Screaming Lord Sutch

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Screaming Lord Sutch, 3rd Earl of Harrow (born David Edward Sutch, 10 November 1940 - 16 June 1999) was an English musician and politician. As founder of the Official Monster Raving Loony Party, he was the longest serving leader of a British political party.

Career

Sutch was born at New End Hospital, Hampstead, North West London, and grew up in the working class area of Kilburn, North London. His father, a policeman, was killed in the Blitz, while his mother worked as a cleaner. Sutch fell in love with rock 'n' roll upon hearing 'Rock Around the Clock' in 1956 on his crystal radio set. His earliest public performances were at a local biker hangout called the Cannibal Pot Coffee Bar, on Harrow Road. Inspired by one of his favourite rock and roll stars, Screaming Jay Hawkins, he changed his name to Screaming Lord Sutch, 3rd Earl of Harrow.[1] Despite the fact that he had no connection with the peerage, the deed poll laws of England at the time permitted this. He was one of the first musicians in England in the 1960s with long hair, reputedly 18 inches long, a fashion statement of rebellion that soon caught on with other rock artists. Sutch was aware of his weaknesses as a melodic vocalist, and relied heavily on image, taking his lead from Screaming Jay Hawkins, and putting on a show that mixed rock 'n' roll, theatrics and gothic horror.[2] Among the stage-props he used were an axe, daggers, skulls and a black coffin he emerged from dressed as Jack the Ripper.[3]

In 1961 while playing at London's famed 2 I's coffee bar in Soho, he was discovered by maverick producer Joe Meek. Sutch then assembled his first backing group, the Raving Savages. Recording at Meek's home studio in Holloway Road, Islington, Sutch and the Savages often had their records banned by the BBC, a fact which only served to give them more publicity and notoriety. Although never achieving any hit records, the Savages were an accomplished live band featuring Ritchie Blackmore, Andy Wren, and Carlo Little. Their early releases include 'Til the Following Night' (their debut a-side), 'Jack the Ripper', 'Dracula's Daughter', and 'I'm a Hog for You Baby'. Sutch once changed the name of the band to Lord Caesar Sutch & the Roman Empire, with his band dressed as Roman soldiers and Sutch dressed in a toga riding around to gigs in a horse drawn chariot, although this did not last long. Sutch's relationship with Meek ended when the two fell out over money that Sutch claimed Meek owed him. The Savages went through numerous line-up changes throughout the 1960s, including the departure of guitarist Blackmore who later went on to form Deep Purple.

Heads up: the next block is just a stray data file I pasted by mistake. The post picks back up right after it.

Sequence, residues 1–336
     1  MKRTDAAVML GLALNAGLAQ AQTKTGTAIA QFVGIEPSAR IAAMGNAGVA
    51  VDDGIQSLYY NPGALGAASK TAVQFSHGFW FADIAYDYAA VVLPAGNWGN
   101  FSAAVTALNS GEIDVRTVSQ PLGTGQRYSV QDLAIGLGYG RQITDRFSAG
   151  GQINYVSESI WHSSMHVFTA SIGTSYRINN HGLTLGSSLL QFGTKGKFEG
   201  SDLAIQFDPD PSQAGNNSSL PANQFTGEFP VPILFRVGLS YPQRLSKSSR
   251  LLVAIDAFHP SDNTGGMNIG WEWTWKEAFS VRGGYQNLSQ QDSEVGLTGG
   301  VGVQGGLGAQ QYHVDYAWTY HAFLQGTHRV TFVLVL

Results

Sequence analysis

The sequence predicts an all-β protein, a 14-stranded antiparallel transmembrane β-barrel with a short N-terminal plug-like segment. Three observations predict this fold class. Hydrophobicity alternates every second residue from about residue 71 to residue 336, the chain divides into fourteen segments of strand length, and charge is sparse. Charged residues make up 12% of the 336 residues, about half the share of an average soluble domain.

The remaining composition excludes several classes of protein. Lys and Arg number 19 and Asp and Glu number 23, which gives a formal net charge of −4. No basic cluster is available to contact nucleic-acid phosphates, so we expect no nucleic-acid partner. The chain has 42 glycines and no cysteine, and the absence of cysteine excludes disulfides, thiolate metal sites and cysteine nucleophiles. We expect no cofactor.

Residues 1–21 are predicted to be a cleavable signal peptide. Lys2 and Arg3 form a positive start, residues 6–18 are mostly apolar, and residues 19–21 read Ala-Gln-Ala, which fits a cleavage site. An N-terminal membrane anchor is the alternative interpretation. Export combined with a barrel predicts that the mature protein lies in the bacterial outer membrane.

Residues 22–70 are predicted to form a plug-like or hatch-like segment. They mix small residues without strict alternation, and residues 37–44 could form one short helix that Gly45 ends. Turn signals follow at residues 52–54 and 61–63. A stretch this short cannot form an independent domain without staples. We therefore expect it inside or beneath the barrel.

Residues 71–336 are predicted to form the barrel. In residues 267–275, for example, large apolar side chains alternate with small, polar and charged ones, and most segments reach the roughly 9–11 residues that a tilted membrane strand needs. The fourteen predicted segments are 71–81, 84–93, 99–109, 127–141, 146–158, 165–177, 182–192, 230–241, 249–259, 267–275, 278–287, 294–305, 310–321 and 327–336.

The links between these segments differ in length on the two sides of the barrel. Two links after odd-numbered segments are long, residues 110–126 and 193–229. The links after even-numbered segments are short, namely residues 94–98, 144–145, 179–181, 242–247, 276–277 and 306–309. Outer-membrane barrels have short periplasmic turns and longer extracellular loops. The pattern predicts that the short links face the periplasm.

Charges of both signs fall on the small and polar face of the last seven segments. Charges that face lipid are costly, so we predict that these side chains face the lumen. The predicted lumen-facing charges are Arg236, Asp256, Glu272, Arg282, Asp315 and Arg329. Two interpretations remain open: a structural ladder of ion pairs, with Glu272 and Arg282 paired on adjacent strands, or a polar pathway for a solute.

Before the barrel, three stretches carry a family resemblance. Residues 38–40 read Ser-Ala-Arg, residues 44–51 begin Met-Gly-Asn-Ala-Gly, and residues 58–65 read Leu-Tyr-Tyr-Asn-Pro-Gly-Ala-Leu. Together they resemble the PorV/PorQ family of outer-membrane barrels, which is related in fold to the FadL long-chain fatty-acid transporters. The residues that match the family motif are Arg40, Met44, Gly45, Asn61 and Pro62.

In January 1968, Sutch left England to tour and establish himself in the United States, and for most of the late 1960s and early 1970s spent increasing time living in Los Angeles. During Led Zeppelin's Spring tour of the US in 1969, he met with manager Peter Grant, whom he persuaded to assist him in brokering a recording deal with Atlantic Records. Sutch also met guitarist Jimmy Page, who was scouting studios to record in during their tour, and managed to get Page and John Bonham to test the facilities at studio Mirror Sounds in May 1969, by recording a number of rock standards. He later secretly recorded a set of his own lyrics over the standards they performed. Sutch enjoyed minor success in 1970 with the album Lord Sutch and Heavy Friends, which featured Page, Bonham, Jeff Beck, Nicky Hopkins, and Noel Redding. The musicians involved were however unimpressed with Sutch, believing the recordings to be for a studio test only. In 1971, Sutch assembled a new line-up for the Carshalton Park Rock 'n' Roll Festival, and had the evening secretly taped. This later appeared in 1972 as Hands of Jack the Ripper featuring Keith Moon, Ritchie Blackmore, and Nick Simper, but it failed to chart. To promote his albums, Sutch toured the United States in a Union Jack painted 1955 Rolls Royce Silver Wraith. In 1972, he was also arrested and later released without charge, when he accompanied five naked women to Downing Street to protest at the shortage of rock music on the BBC. He recorded his final album Alive & Well in 1980, featuring Pat Travers, Rick Nielsen, and Klaus Voormann. Numerous compilation albums have proliferated after the 1980s.

Pirate radio

In May 1964, taking advantage of a loophole in the UK broadcast law, he founded Radio Sutch, one of the first pirate radio stations in Britain, often playing his own records and those of his friends, with late night readings of a bawdy nature. Early broadcasts were transmitted from The Cornucopia, a fishing trawler, and were fraught with technical problems.[4] The vessel was used in the early morning for fishing, and after midday it would begin broadcasting its programmes. The station finally moved to Shivering Sands, a disused wartime fort, located in the Thames Estuary off Southend.[5] Now in competition with the newly launched Radio Caroline and hampered by a weaker transmission signal to London, Sutch began losing interest in the venture and he sold the station in September of that year to his manager Reg Calvert, who re-launched it as Radio City.

Political aspirations